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The decline of United States oil and natural gas reserves could be moderated by increasing exploratory drilling. During each of the past three years, 1978-1980, the United States produced approximately 3.0 billion barrels of crude oil, 0.7 billion barrels of natural gas liquids, and 20 trillion cubic feet of natural gas, for a total of more than 7 billion barrels of oil equivalent. In contrast, discoveries have been more than 2 billion barrels of oil equivalent.
Annual estimates of ultimate recovery (past production plus reserves) are calculated for each year since 1920 by the American Petroleum Institute and the American Gas Association. To each of these estimates, we must add an estimate of future reserve growth resulting from revisions, extensions, new pool discoveries, in-field drilling, and enhanced recovery. From the derived quantities of oil and natural gas discovered each year and from the estimates of the footage drilled annually in new field wildcat wells, the oil and natural gas discovered per foot are estimated. In the late 1940's, the average discovery per foot was more than 350 barrels of oil equivalent. By the late 1970's, the average discovery per foot had dropped to approximately 50 barrels of oil equivalent. Projections of t ese decline curves determine the number of feet of new field wildcats needed to find 2 billion barrels of oil equivalent per year, a limited rate of discovery in the United States. Projecting the average drilling depth permits calculation of the number of needed wildcats per year. The 1979-1990, 12-yr total is 388,514 wells, which is 5 times the drilling rate of recent years. Estimated discoveries are 7% oil and 8% natural gas.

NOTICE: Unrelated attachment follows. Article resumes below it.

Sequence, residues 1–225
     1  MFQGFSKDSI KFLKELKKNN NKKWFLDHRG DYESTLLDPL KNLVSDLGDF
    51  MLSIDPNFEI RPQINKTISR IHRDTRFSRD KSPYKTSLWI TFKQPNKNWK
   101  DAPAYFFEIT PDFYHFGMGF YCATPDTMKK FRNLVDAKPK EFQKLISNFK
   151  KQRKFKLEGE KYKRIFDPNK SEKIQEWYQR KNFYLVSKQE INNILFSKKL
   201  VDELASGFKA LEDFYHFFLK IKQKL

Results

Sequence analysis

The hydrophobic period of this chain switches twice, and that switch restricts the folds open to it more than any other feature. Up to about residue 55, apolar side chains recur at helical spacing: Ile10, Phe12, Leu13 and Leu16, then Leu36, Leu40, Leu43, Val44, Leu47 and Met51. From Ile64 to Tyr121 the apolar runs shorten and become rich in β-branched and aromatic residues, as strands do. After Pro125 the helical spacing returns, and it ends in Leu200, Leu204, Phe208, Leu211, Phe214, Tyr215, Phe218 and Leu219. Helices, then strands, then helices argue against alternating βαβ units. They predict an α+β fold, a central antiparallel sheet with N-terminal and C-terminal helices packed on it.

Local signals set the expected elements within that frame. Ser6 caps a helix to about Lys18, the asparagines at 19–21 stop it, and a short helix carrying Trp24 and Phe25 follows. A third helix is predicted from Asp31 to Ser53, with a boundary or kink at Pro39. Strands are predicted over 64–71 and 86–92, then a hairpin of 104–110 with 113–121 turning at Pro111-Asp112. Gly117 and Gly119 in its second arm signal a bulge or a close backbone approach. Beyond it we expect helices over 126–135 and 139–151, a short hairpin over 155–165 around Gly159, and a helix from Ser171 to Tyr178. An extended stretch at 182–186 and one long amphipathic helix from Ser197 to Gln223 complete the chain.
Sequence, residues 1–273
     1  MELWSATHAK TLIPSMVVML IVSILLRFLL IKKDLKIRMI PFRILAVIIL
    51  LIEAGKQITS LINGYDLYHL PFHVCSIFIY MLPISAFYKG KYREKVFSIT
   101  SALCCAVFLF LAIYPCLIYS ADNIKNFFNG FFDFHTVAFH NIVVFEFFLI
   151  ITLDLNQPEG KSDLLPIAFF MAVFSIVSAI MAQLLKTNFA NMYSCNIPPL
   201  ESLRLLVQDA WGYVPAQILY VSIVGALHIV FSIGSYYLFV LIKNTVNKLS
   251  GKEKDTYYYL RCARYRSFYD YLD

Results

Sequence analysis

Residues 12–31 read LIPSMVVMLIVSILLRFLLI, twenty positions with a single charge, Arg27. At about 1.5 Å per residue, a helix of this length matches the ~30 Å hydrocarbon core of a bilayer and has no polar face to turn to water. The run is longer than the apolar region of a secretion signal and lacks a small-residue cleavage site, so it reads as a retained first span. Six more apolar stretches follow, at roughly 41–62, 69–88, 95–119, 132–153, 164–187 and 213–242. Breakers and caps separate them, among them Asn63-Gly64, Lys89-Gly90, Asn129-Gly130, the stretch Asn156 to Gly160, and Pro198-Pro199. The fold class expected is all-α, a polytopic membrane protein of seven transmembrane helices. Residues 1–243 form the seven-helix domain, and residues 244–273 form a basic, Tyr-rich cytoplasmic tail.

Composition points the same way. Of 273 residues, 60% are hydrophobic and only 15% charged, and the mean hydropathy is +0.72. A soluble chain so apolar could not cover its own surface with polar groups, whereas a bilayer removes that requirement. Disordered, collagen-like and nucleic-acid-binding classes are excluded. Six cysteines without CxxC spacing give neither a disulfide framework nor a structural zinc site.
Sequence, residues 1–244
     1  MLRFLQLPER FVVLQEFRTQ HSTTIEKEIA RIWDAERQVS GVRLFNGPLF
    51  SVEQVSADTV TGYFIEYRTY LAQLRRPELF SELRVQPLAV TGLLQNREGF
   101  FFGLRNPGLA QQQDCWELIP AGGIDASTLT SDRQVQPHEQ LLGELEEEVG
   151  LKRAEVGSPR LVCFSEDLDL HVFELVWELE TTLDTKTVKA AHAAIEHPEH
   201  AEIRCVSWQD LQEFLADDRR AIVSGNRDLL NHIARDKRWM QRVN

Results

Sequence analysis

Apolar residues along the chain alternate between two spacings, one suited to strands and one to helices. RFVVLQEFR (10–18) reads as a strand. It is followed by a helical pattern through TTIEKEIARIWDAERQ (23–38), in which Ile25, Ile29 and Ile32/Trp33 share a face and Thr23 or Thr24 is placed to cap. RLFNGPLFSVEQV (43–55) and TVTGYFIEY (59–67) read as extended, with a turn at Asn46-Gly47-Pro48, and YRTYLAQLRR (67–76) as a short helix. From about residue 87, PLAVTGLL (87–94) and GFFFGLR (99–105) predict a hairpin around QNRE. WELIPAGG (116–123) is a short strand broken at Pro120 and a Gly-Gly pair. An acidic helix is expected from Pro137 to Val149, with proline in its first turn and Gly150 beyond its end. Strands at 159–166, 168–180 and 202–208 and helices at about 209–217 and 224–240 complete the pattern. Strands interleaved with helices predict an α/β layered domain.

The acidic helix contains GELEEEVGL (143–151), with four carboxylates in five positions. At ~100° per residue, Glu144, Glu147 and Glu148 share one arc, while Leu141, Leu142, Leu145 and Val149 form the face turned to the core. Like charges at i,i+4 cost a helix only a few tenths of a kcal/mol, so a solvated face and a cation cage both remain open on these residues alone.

The projected increases in drilling and completion costs from 1979 to 1990, in inflated dollars indicate a total cost of $179 billion. Lease, geological and geophysical, development well, and overhead costs are not included.
A projected increasing role of natural gas and natural gas liquids in the total energy mix is due to the relatively large proportion of natural gas, on a Btu-equivalent basis, being discovered per foot of new field wildcat drilled. At the present finding rates it is not possible to replace the production of more than 7 billion barrels of oil equivalent.
The projected costs are so large that attaining these limited goals, 2 billion barrels of oil equivalent per year, does not seem possible. The total cost of the necessary new field wildcats, $179 billion, is of the same order of magnitude as the estimated federal income from the 'windfall' profits tax for 1980-1990. Total exploration costs, however, would be more than one trillion dollars, $50 per barrel of oil equivalent discovered. In any case, estimates of available oil and natural gas resources indicate that it is possible to moderate the decline in reserves and production.
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